Their new one, What A Day is something that I can’t remember how I managed without it. It is about fifteen minutes each weekday morning with what’s going on in our world and some headlines with a really needed dose of humor. I do not start my day without it and highly recommend giving them a try. There is also a read-only update that you can receive nightly by email subscription.

What a Day from Crooked Media. (c)2020

While What a Day is my favorite, two others out there with a similar idea of getting you the news on a daily basis are:

Today, Explained from Vox

What Next from Slate

5 Simple Things to do in January to Organize Your Year

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As you may have noticed if you’ve been in the checkout lane of the supermarket or read your weekly Target ad, January is the time to get everything organized, from matching your towels, boxing up your winter clothes, cleaning your bathroom, and traveling with your baby. January is the time that all of those things go on sale. Maybe they think you’ve put things off for the holidays, and now you need their expertise and sales to get things back in order. Some of that is probably true. We’re getting prepared for my daughter’s birthday party this weekend, and my husband asked about putting the Christmas tree away. My answer was an emphatic NO! For one thing, I like the tree. For another, it went up late, so I want it to remain a little bit longer. And for the last thing, if we put away the tree, we’ll have to put away the presents that are neatly being kept under it and it will take two weeks to get rid of all the pine needles (even artificial trees shed). I prefer the “Christmas mess” over the real cluttered mess that we usually have. However, there are other ways to begin the new year’s organization process even if you still want it to be Christmas.

1. The Mail. Deal with it! Bring it in the house, open it, read it, file it. If it’s junk, throw it away. Yes, now. If it’s sensitive information, shred it and then throw it away. You don’t have a shredder? Rip it into little pieces and mix it in with your food garbage. Make identity thieves work for it.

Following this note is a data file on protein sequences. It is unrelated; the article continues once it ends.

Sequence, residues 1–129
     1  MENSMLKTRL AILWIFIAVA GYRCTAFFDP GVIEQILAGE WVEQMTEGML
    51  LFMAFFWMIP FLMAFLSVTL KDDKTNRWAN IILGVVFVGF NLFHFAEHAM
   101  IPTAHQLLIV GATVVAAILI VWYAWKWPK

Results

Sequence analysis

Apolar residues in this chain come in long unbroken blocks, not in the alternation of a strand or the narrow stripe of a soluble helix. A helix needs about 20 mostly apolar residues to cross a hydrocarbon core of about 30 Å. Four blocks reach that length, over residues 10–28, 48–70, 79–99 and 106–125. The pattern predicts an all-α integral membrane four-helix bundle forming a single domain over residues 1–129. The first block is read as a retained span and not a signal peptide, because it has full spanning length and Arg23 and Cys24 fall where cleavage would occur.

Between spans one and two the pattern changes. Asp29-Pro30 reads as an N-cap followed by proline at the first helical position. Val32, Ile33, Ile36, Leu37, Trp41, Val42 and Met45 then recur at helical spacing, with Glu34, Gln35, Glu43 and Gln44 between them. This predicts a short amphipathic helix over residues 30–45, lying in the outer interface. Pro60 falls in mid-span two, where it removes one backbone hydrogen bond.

2. Lists. I swear by lists all year long, but January is the worst. Some things aren’t on the calendar yet. Things from school come home at the last minute (like tonight’s dance and sleepover – thanks for the notice!). My current list is too long to include, but some of the items are food shopping, vacuuming, workshop tomorrow, unpacking from last weekend’s retreat, clean off table for party, make goody bags, and take a shower.

3. Plan your week’s meals from what’s on sale in the supermarket ad. Go shopping once for the week, although you may need to replenish milk and bread. For a great sale, buy two and put one in the freezer for next week.

4. Take advantage of January’s stock up sales. If you have the space, it is much cheaper (and easier) to buy the huge package of toilet paper rather than the four pack that will run out before you’re barely home. Target has a lot of buy two of this, get a $5 gift card. Paper towels, garbage bags, laundry detergent, dish washing liquid, shampoo, soap. You save the money from buying the larger item and you also save the gas from not going when you run out.

5. Clear out the pantry and freezer. How many of your items are expired? And I don’t mean by a couple of weeks, but I bet there’s stuff from a couple of months, even a couple of years. While you’re clearing these out, do not donate expired or near-expired items to food pantries. They will only have to throw them out. Try and donate longer lasting items. The fall is the big rush to donate for Thanksgiving and Christmas, but food items are needed year round.

What are your best organizing tips for the new year?

Tea Time

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Twinings Green Tea with Jasmine. (c)2020

If you are cold, tea will warm you;

if you are too heated, it will cool you;

if you are depressed, it will cheer you;

if you are excited it will calm you.

William Ewart

I feel this quote. I drink hot tea all year long. It is always good, perfect, soothing, and inspiring.

I also included this picture of green tea mainly because I typically do not like green tea; I’m a black tea drinker. The first Lent that I gave up something, though I chose to give up Diet Coke. I didn’t know how it was going to go. I drink Diet Coke several times throughout the day. A friend recommended the green tea with jasmine, and said that it would stem cravings. I think they were thinking with the caffeine withdrawal, but caffeine doesn’t really affect me. At home, I’m caffeine free with soda. However, it would give me something to drink in the morning when I shouldn’t have been drinking soda anyway, but sometimes was known to.

What teas are your favorites and what would you recommend trying?